Report Number: 41
Year: 1983

Feasibility Study of Developing Valley-Fill Aquifers for Village Water Supplies in Southern Guam

Villages located in southern Guam occasionally experience domestic water supply shortages that affect both the home dweller and the farmer. Municipal water supplies are provided by the island-wide distribution system. Water is obtained from well fields which tap the complex Ghyben-Herzberg lens beneath the northern limestone plateau and is transported at considerable cost. If alternative sources of freshwater can be located near the centers of high demand, the energy costs of pumping water long distances would be lowered, the reliability of the distribution system would be improved, the quantity of water extracted from the northern lens would be reduced, and lastly the village would become more self-sufficient in terms of water supply.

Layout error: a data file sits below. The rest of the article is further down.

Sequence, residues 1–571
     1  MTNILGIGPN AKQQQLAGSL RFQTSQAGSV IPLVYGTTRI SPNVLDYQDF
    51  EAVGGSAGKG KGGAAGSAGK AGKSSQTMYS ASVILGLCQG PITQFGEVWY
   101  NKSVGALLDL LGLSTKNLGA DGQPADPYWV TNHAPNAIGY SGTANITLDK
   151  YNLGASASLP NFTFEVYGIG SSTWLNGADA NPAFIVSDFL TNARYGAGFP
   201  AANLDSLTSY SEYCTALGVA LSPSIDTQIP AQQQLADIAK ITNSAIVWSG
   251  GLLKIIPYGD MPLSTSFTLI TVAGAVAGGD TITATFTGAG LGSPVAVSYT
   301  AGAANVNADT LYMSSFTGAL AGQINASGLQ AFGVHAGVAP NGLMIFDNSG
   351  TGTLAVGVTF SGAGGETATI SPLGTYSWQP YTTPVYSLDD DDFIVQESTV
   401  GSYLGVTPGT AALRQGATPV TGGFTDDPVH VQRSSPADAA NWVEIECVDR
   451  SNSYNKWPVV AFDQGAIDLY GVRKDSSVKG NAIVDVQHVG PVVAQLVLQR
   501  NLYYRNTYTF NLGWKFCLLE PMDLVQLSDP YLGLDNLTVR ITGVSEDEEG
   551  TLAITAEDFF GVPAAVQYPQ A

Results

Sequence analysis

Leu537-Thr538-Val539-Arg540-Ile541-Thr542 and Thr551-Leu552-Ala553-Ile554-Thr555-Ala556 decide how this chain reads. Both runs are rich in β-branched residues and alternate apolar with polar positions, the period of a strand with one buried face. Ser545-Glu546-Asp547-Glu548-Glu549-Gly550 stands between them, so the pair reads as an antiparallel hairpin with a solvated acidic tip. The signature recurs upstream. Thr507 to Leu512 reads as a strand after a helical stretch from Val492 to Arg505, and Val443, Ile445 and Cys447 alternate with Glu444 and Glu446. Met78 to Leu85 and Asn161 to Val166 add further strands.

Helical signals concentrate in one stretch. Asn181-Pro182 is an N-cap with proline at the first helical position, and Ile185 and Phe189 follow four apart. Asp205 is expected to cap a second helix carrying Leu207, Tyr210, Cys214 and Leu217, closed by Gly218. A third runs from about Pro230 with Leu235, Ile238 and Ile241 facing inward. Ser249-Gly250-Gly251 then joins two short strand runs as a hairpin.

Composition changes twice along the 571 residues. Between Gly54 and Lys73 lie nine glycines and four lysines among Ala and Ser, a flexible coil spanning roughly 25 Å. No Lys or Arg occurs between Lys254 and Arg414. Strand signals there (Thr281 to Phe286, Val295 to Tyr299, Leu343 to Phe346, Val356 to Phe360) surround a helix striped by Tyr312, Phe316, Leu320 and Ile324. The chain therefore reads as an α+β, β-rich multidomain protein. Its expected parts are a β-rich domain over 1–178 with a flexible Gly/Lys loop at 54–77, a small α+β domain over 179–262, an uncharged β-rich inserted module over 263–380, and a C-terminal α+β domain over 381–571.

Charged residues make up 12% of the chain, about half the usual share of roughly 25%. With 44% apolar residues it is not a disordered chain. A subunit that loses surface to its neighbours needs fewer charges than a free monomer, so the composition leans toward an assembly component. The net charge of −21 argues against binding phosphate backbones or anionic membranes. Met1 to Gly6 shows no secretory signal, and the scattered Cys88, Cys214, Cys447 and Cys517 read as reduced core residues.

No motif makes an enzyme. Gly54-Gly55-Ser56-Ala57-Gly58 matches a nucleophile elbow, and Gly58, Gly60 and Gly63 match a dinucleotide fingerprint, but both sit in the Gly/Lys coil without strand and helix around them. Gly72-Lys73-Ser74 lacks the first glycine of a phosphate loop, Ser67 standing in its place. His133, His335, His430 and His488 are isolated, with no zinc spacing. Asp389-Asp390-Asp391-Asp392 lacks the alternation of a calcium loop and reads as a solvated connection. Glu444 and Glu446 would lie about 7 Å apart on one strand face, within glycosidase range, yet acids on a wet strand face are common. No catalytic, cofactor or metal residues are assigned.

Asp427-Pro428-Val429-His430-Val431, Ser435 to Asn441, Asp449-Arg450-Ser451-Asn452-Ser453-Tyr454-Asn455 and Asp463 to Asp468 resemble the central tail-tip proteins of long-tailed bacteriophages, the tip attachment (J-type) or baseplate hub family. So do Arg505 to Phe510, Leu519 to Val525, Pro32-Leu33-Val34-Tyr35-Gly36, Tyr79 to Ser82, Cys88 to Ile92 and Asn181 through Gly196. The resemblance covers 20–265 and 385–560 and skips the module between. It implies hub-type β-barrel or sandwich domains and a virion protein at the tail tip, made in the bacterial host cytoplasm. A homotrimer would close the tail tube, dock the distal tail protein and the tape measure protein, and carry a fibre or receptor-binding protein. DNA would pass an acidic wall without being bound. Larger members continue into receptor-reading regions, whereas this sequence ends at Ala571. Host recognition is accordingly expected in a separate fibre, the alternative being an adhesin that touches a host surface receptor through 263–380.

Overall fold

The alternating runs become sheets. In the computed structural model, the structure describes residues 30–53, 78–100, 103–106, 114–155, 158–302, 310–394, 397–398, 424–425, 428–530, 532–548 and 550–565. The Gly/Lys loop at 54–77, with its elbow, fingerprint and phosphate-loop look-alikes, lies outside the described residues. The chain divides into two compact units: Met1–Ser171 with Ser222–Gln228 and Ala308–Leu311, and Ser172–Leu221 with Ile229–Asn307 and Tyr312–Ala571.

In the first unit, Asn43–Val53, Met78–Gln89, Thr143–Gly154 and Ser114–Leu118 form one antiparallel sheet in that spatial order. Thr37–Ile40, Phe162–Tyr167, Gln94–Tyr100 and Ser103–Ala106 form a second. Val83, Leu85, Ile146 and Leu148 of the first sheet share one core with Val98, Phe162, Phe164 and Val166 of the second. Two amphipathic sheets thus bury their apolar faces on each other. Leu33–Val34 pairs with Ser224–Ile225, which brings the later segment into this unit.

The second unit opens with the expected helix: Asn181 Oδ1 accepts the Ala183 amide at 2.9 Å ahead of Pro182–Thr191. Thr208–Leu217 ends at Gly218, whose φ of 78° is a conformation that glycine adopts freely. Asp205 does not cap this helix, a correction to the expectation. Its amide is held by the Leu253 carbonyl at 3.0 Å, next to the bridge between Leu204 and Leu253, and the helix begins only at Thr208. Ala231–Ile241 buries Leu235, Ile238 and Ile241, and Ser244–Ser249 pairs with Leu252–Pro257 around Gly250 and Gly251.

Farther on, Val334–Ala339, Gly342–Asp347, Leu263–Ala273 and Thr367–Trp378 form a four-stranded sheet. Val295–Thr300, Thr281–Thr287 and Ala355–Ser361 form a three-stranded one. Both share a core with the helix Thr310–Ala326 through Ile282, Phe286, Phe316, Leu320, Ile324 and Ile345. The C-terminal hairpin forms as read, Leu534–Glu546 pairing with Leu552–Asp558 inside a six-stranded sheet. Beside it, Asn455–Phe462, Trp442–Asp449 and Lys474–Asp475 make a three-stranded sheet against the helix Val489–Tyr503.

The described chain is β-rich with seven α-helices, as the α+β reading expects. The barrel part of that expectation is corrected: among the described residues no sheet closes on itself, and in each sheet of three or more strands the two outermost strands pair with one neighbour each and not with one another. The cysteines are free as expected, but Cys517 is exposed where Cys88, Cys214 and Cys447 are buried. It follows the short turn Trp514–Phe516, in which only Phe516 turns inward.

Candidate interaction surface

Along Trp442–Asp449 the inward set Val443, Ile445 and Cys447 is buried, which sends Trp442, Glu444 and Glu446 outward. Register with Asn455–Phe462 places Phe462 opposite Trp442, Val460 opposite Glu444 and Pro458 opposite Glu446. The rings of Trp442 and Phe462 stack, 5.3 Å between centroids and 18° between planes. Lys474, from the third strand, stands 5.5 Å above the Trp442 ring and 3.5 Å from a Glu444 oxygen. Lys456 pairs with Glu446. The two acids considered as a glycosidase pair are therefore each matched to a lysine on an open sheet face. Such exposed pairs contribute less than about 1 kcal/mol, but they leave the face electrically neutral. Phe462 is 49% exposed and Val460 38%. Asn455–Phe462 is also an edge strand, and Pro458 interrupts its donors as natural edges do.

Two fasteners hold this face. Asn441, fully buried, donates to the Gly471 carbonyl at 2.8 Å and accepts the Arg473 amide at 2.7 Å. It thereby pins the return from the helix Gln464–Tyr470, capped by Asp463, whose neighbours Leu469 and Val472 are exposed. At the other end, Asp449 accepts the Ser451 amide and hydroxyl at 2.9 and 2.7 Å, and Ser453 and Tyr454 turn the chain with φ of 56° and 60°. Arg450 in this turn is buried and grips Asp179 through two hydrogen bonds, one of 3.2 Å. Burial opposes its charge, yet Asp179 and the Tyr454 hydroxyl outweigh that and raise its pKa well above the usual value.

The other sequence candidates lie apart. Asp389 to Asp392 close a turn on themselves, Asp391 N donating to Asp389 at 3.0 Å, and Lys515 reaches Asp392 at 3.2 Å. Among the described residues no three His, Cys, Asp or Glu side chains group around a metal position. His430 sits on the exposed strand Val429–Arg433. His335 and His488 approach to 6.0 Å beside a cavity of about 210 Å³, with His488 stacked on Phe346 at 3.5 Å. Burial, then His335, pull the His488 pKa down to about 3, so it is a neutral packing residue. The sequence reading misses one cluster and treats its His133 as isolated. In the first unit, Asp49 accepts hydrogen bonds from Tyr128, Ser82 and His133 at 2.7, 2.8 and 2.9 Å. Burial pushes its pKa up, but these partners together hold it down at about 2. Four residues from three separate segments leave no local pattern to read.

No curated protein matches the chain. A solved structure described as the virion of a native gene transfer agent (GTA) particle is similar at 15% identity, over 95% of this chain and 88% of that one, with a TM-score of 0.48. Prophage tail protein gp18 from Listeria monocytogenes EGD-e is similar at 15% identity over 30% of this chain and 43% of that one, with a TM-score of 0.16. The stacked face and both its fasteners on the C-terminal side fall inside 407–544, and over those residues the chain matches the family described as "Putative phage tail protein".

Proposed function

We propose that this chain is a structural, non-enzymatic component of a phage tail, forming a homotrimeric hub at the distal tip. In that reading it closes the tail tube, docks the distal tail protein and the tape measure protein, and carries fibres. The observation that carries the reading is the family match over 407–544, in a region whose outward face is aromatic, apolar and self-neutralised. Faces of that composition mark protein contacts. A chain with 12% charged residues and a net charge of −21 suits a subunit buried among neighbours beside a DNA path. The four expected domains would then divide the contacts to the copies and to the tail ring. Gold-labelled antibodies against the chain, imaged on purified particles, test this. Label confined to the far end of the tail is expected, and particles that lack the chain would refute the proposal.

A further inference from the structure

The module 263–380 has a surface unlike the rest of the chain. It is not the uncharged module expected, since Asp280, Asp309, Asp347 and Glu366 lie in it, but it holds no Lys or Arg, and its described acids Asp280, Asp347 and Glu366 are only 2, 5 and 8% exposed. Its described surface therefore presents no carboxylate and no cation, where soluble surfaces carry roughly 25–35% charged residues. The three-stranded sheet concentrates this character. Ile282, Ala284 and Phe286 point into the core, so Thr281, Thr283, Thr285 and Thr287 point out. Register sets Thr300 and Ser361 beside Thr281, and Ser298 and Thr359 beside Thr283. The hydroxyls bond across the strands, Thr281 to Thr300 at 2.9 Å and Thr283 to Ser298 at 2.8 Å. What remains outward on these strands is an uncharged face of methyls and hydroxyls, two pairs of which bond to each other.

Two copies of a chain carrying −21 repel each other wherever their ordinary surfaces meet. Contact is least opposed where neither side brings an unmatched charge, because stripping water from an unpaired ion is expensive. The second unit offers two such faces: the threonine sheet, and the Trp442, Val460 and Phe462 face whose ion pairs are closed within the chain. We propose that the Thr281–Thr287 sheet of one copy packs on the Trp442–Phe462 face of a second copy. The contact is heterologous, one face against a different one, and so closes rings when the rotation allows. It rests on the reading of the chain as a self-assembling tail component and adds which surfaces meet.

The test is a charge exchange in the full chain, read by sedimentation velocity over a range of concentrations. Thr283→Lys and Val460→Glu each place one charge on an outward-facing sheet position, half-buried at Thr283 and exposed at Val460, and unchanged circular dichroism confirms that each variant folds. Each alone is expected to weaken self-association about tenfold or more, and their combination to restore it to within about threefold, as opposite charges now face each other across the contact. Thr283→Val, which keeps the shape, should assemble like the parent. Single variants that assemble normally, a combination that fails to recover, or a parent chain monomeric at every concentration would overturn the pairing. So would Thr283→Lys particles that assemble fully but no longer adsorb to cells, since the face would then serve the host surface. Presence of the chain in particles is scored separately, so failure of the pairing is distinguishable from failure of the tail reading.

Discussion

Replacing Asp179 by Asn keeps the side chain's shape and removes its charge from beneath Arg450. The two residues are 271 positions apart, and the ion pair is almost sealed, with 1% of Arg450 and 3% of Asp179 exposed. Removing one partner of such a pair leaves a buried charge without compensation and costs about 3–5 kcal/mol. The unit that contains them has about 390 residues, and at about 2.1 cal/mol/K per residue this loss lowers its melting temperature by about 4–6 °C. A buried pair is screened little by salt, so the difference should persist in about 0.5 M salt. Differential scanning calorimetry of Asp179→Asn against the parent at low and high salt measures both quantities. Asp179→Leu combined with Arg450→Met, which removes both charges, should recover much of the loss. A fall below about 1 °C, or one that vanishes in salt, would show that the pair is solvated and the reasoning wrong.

Potential sources for domestic use have been identified near the outflow of the Inarajan River. Two water-bearing units of alluvium and shallow-water marine sediments overlie a partially weathered volcanic basement. From the results of this study, it appears feasible to develop the groundwater resource, at least initially, on a limited scale. The quality of the product water is such that it could be used directly for agricultural purposes.

Jerry F. Ayers
Russell N. Clayshulte